Vietnam, Australia, or S-REITs? Where should yield-hungry investors put their money to get the most bang for their buck? About 60,000 dwellings will be completed in Ho Chi Minh City in 2017 and 2018, according to estimates by Savills. Despite a potential supply onslaught, the long-term prospect for Vietnam’s housing market remains favourable, says Troy Griffiths, deputy managing director for Savills Vietnam. “There are limited alternative investment vehicles in Vietnam and apartments offer attractive gross rental yields of 6% to 8%.”
Meanwhile, villas and townhouses are severely undersupplied, making them a highly attractive asset class. “Ho Chi Minh City has a population of more than eight million and there are only around 2,000 of villas and townhouses in the market,” Griffiths notes. Foreign nationals who are keen on villas and townhouses can hold a 50- year leasehold title but are subject to a foreign ownership cap. This is based on the number of foreign owners within a masterplan, generally 10%, or 250 houses within a “ward”, says Griffiths.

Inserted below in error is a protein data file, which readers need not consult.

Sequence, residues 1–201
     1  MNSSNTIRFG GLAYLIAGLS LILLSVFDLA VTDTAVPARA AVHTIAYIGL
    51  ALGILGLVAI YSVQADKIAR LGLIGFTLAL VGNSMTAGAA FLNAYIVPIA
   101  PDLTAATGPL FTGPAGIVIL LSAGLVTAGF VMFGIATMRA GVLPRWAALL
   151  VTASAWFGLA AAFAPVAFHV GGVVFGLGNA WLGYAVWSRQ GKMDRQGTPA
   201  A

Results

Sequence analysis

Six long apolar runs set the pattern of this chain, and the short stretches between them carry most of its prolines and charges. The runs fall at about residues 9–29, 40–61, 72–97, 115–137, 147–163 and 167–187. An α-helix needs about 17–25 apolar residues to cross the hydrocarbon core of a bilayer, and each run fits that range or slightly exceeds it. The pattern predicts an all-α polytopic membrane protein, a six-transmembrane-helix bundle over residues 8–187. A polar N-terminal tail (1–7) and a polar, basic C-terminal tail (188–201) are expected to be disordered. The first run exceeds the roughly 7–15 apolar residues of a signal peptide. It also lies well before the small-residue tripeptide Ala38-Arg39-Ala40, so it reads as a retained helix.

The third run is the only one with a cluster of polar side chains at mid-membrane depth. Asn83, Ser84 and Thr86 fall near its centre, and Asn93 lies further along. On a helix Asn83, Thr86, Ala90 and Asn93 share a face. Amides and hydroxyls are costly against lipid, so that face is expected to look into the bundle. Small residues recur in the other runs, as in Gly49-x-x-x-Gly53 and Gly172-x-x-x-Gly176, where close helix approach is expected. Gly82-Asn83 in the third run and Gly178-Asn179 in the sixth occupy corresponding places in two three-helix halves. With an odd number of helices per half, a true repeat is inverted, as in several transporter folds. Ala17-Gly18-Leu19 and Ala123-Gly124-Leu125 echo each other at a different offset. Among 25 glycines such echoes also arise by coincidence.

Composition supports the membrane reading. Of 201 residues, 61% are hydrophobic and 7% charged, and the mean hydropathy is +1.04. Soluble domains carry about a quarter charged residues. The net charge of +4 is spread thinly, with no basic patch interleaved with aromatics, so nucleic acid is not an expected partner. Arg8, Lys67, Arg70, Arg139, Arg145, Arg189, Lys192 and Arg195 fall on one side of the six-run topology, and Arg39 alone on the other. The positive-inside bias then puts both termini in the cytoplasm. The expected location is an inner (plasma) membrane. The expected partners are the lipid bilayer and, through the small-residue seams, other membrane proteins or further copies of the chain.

Griffiths was speaking on Vietnam’s property market outlook and opportunities at The Edge Property 360º seminar on July 15. The seminar examines alternative investment destinations and asset classes beyond Singapore’s residential sector. Boaz Boon, founder and principal of THRED and director at VestAsia Group, led the panel discussion.
In Ho Chi Minh City, apartments in districts 2 and 9 offer promising opportunities, says Griffiths. “This area will benefit the most from infrastructure developments such as the metro, shopping facilities and the future Sports City,” he explains. Griffiths also favours units in the US$1,000 to US$2,500 psm range.